'I Hope I Never'. Somehow this Enz song has never been the classic for me that it has for other people. This starts with (presumably Eddie's) piano. Annie Crummer is a great vocalist, so I have high hopes for this. And Crummer doesn't disappoint with her much lower-key vocal making the song sound less 'strained' than Tim's original vocal makes it sound to me. But, I find Crummer a bit hidden by the big orchestral arrangement. I think I would have preferred to hear this with just Crummer's vocal and piano.

    'Strait Ol' Line' is a less obvious choice for an orchestral arrangement. I wouldn't have recognised the song from the introduction at all. And even when Neil starts singing, it sounds like a different song. It's an interesting experiment to hear this song done with an orchestra. And, it's interesting to hear it. But, somehow I'm not convinced. Neil's vocal sounds a bit tentative, but gets more convincing later on. This seems an entirely random place to insert a Noel Crombie spoons solo. Though, giving Noel the chance to sing the bit at the end works. I guess that's Noel; I can't find the

    'Stuff and Nonsense' is an easy choice for this. I've always thought this a better song than 'I Hope I Never'. I'm not sure why Neil sings it, but the change of vocalist introduces more variation and more 'newness' for this version. Neil sings it really well. Though, I think that the big crescendo is rather overdone.

    'Albert of India'. I've always felt this was a very good instrumental which seems a bit ignored in Split Enz history. I've always thought that Waita was and is a very good follow-up to True Colours which missed for reasons I think have nothing to do with the music. However, this track isn't on Bandcamp.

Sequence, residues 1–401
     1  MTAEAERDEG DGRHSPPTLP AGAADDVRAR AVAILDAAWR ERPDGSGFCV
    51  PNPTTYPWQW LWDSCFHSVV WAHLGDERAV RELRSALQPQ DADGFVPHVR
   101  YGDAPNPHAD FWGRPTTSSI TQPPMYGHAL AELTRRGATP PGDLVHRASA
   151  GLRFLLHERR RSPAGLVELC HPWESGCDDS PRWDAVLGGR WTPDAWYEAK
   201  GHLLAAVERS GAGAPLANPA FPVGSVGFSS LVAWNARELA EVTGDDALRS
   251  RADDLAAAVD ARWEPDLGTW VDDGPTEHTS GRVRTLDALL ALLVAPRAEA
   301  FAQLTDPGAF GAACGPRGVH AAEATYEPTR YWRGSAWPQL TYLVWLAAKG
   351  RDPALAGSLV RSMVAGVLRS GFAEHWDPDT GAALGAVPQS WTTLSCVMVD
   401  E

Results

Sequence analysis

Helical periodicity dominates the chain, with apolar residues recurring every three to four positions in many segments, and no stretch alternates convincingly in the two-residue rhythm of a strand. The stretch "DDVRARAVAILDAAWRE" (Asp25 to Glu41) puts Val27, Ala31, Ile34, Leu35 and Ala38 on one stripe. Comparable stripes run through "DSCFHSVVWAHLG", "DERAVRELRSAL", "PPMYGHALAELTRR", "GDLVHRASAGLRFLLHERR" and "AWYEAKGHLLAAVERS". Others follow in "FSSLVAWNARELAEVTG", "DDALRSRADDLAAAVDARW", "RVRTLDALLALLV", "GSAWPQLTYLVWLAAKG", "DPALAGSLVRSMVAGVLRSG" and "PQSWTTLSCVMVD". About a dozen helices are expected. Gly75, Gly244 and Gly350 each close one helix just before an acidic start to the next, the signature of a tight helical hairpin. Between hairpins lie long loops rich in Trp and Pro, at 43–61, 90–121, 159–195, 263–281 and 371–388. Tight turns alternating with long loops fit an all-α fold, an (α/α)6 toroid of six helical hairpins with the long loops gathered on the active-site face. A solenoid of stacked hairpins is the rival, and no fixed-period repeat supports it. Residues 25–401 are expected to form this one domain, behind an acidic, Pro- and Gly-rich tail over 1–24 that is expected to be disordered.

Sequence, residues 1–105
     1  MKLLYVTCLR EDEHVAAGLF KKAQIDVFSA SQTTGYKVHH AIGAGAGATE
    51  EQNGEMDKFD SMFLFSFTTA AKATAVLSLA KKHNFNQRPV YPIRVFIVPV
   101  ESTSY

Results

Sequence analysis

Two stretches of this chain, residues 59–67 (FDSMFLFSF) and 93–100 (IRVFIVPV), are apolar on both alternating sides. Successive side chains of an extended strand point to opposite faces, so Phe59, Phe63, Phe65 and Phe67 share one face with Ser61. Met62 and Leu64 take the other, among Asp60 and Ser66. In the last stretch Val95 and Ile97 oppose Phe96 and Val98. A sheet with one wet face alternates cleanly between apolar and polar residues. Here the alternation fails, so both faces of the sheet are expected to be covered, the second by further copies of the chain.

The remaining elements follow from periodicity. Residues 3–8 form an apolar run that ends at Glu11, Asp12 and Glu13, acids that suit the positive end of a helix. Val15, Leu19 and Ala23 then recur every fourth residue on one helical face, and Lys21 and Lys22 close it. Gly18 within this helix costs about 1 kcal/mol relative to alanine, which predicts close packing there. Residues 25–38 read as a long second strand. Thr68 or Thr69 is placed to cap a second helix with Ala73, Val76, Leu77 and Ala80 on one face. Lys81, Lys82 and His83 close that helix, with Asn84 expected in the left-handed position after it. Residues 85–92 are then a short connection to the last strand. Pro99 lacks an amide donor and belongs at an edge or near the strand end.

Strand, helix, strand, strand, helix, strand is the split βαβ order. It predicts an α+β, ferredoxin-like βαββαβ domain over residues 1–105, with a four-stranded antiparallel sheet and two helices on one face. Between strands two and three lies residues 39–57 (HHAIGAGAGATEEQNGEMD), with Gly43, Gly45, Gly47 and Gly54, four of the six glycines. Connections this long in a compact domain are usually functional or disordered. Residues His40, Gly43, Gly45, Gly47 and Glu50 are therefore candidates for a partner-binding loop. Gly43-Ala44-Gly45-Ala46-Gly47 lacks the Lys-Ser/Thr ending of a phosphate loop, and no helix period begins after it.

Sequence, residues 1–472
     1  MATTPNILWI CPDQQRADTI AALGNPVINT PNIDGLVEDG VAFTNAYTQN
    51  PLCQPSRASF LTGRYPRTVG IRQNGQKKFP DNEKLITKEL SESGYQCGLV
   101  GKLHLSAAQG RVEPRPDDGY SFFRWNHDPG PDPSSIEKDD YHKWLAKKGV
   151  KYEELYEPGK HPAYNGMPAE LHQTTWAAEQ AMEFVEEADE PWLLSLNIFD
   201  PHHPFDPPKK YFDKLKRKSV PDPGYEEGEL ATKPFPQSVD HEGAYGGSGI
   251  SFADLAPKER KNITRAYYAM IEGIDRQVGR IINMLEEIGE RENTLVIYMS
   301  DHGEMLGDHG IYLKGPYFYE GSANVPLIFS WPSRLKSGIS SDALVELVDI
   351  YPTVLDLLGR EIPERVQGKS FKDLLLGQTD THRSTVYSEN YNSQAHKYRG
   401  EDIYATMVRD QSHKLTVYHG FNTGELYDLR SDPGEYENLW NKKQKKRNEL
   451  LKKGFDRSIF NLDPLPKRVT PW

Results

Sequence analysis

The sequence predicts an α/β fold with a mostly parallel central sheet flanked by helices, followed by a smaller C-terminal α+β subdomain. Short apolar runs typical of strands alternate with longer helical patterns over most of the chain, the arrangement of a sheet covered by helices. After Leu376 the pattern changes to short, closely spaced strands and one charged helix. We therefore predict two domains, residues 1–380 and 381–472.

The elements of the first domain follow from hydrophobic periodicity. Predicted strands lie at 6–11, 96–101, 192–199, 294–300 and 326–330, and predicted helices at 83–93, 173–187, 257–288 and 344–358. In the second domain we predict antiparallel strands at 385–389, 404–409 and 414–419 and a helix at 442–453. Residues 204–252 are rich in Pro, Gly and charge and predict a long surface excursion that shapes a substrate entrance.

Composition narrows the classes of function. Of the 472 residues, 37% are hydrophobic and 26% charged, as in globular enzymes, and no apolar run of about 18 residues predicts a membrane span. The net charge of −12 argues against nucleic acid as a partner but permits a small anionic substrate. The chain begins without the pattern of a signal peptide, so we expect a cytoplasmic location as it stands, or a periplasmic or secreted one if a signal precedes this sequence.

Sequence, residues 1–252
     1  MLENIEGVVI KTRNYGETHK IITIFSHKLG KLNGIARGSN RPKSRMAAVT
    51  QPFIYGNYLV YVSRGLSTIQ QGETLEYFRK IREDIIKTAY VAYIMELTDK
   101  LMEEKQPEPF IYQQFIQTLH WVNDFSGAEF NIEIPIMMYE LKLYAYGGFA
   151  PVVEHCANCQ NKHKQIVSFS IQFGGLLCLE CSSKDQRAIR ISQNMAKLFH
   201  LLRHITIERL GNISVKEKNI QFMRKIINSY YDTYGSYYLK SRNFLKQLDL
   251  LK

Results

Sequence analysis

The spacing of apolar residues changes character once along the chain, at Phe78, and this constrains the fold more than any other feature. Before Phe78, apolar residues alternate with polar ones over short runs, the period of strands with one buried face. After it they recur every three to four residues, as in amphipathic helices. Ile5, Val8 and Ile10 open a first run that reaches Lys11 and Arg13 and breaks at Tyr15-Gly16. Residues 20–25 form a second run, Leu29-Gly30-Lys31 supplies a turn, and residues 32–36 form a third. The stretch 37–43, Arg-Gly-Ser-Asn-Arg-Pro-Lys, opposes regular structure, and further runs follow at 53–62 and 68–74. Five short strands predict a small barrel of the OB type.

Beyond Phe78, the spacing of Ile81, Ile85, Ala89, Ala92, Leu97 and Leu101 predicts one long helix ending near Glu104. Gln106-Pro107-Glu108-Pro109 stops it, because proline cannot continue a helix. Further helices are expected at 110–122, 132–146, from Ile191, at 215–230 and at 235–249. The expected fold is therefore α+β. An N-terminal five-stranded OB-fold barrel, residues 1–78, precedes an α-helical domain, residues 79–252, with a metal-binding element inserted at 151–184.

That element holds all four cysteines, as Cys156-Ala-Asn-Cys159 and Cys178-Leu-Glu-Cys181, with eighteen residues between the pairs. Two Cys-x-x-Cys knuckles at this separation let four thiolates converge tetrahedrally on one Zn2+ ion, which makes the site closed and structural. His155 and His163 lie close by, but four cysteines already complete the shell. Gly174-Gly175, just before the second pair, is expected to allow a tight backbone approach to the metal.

'My Mistake'. This is a good choice but the arrangement is a bit overdone and Dobbyn's vocal is a bit drowned out.

    'Voices'. Good to see Eddie not just going for the hits. Nice intro with just Neil's vocal and piano, or pianos(?). Not as overdone as some tracks, but more lead vocal please. Piano solo is perhaps a bit gimmicky.

    'I See Red'. This is perhaps the most adventurous arrangement on the album. It takes the song through a number of styles from ballad to perhaps music hall to who knows what I would call that. It's an interesting experiment. But, something I probably want to listen to rarely. Some parts sound a bit 'Flight of the Bumblebee'.

    'Under the Wheel'. Here is the musical drama yet again, but this does fit more with the early Enz I think. I wonder why Phil pulled out of the project. The vocals are fine however. Eventually the track builds and it does become a bit much.

    'Dirty Creature'. Definitely an orchestral arrangement of this song, which is matched to a vocal sounding fairly close to the original. Is this the last time we hear Tim sounding not too different from what he sounded like at his peak? He was sounding quite gruff three years later for 'Say It Is So'. Eventually the orchestral arrangement goes on a bit too long for me.

    'Stranger than Fiction/Time for a Change'. This starts with a solo violin (I presume). And, this points out to me how infrequently I've heard solo orchestral instruments in these arrangements. Then there's a wind instrument (oboe?). But, then the full orchestra crashes in and we're back where we were. However, the song goes through its sections and vocalists, and it reminds me how good these initial songs were. A good way to end. Solo flute (ish). More solo instruments would have helped.